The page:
Lest we forget (on all sides)

Paul and Carl are a couple of self-styled “hideous curmudgeons” whose views are well to the right of this armadillo (I might conceivably sound a tad similar by the time I’m their age, although not if “B” is around to take the piss out of some of my more pretentious opinionated rants). I don’t monitor Paul and Carl’s blog all that often, but maybe I should. A post by Paul titled An Anzac Day Essay provides a very personal perspective on the meaning of Anzac Day. It’s a fine piece of personal/political blogging and you’d be well advised to read it.

About Ken Parish

Ken Parish is a legal academic, with research areas in public law (constitutional and administrative law), civil procedure and teaching & learning theory and practice. He has been a legal academic for almost 20 years. Before that he ran a legal practice in Darwin for 15 years and was a Member of the NT Legislative Assembly for almost 4 years in the early 1990s.
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Norman
Norman
2021 years ago

I still see aspects of Anzac Day much the same as I did in the 40s. I’ve always been sceptical about the sort of theatrical nationalism which can become associated with celebrations of any sort. There has, however, been a significant loss since those days. The ‘theatrical’ aspect has grown, but we’ve lost much of the spontaneous gratitude once felt for Australians who had volunteered to defend us.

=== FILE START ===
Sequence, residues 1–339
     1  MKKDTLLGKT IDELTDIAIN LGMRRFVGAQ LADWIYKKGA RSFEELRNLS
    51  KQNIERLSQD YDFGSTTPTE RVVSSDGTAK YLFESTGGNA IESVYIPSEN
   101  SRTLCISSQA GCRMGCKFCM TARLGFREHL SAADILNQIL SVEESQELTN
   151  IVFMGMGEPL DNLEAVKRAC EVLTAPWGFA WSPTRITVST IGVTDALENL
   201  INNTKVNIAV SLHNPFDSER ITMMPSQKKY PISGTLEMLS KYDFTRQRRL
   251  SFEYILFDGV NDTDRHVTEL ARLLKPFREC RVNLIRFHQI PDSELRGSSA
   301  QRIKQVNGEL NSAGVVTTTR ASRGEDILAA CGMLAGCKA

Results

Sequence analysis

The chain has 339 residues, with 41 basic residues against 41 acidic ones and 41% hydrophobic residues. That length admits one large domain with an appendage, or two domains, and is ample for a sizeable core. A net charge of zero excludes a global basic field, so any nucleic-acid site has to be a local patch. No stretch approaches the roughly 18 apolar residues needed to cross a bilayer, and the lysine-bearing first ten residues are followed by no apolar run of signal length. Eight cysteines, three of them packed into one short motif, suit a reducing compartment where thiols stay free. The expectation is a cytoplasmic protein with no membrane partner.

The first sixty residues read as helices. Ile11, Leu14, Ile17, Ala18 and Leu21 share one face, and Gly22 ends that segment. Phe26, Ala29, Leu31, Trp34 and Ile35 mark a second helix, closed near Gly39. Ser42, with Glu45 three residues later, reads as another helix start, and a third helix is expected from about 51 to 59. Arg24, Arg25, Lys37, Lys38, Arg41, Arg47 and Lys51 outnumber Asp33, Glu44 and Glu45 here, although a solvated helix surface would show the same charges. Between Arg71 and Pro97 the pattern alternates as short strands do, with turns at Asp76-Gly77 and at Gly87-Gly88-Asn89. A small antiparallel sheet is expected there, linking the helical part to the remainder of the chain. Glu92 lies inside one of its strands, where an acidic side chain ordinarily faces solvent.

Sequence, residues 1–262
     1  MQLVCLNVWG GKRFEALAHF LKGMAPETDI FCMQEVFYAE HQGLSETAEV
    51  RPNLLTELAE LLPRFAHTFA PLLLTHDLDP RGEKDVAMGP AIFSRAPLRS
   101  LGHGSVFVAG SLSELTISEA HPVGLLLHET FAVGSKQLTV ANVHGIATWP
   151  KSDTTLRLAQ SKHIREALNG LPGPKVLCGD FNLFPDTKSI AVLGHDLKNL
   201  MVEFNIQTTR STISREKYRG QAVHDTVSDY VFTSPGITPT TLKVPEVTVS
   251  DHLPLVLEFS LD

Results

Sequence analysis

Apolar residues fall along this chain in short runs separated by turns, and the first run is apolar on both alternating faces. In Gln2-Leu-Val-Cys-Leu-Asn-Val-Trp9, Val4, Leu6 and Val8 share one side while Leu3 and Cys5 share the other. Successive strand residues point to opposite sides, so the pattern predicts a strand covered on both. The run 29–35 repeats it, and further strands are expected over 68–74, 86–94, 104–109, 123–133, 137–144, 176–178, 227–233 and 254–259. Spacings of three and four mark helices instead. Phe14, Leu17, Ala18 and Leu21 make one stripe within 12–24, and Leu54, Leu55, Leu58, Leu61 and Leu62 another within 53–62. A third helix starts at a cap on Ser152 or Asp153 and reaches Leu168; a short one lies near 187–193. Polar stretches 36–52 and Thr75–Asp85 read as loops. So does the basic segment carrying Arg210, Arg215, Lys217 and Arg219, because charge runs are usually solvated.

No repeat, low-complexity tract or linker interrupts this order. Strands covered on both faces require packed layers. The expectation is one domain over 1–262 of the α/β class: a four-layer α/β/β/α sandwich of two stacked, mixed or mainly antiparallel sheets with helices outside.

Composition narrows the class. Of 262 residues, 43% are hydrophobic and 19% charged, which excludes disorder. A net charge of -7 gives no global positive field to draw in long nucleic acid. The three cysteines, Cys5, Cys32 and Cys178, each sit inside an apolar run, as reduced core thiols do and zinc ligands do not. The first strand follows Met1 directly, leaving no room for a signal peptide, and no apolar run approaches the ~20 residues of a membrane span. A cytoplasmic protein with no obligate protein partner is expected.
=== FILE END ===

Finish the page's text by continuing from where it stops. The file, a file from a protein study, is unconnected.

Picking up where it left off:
I sometimes feel the nation has thrown out the baby, but increased and sanctified the bathwater. The malaise is not confined to Anzac Day, but part of a much wider and more general malaise, belittling all those whose efforts and sacrifices in the past, have enabled us to lead our current pleasant lifestyles.
“Lest We Forget”, can be applied these days to far more than Anzac Day.